A Package Deal

Lately I’ve been accused (and by “I,” I mean someone else entirely, but with whom I mostly agree) of wanting to “pick and choose” from contradictory “systems” of belief. The accusation sounded a little bit like this:

“Your concern for social justice is clearly “Social Gospel.”
Your anti-death penalty stance is taken from the Liberal’s political agenda.
Your references to God’s sovereignty in salvation sounds very Calvinistic.
You talk about postmodernism as though you’ve really bought into all of it.
You quote R-rated movies like someone who is well acquainted with worldly things.
Your environmental concerns put you in the company of hippies and tree-huggers…”

Ok, I’m sure you get the point, but it goes on.

“And all of the above sounds just like that Blue Like Jazz guy, so you’re one of those.”

Or, even better (worse?):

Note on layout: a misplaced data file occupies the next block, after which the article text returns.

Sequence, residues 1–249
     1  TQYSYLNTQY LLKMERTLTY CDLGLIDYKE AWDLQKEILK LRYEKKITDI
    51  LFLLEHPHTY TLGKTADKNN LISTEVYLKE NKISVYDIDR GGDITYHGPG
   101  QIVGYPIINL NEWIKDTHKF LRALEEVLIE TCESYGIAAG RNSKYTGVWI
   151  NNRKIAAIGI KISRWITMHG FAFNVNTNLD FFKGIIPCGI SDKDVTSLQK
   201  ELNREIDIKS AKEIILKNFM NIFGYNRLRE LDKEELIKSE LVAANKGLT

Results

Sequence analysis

“You may not recognize it, but I’ve seen all this before. It’s just the same old liberalism dressed up in new, trendy clothes.”

Where do we get the idea that everything comes as part of a package? (Ok, so I’m pretty sure I know where we get it, I’m asking for the sake of discussion.) Why do we have to put everything in neat little categories? Even more importantly, why do we assume that belief in one aspect of a system means adherence to the whole thing?

I’m really into the idea of redemption lately. I’ve seen God take things that were clearly not God-pleasing and turn them into beautiful instruments of praise. To me, that should be our standard for picking and choosing. Environmentalism is good stewardship of creation. I that’s a redeeming quality, whether the “issue” is associated with nature-worshippers or not.

Just for fun, here are some more things I believe in. I am:

-Pro-life because I believe that life is sacred. (Not just criminally innocent lives, but all life.)
-Pro-peace, because I am pro-life, and because peace is evidence of the Spirit.
-For engagement of culture, because Jesus’ incarnation modeled that for us.
-For immigration, because the places people come from aren’t always good places for them to live.
-For church/state separation, because it might not always be “us” in charge.
-For freedom of expression, for the same reason.

About E. Goodman

Ernest Goodman is a missiologist, writer, teacher, and communications strategist.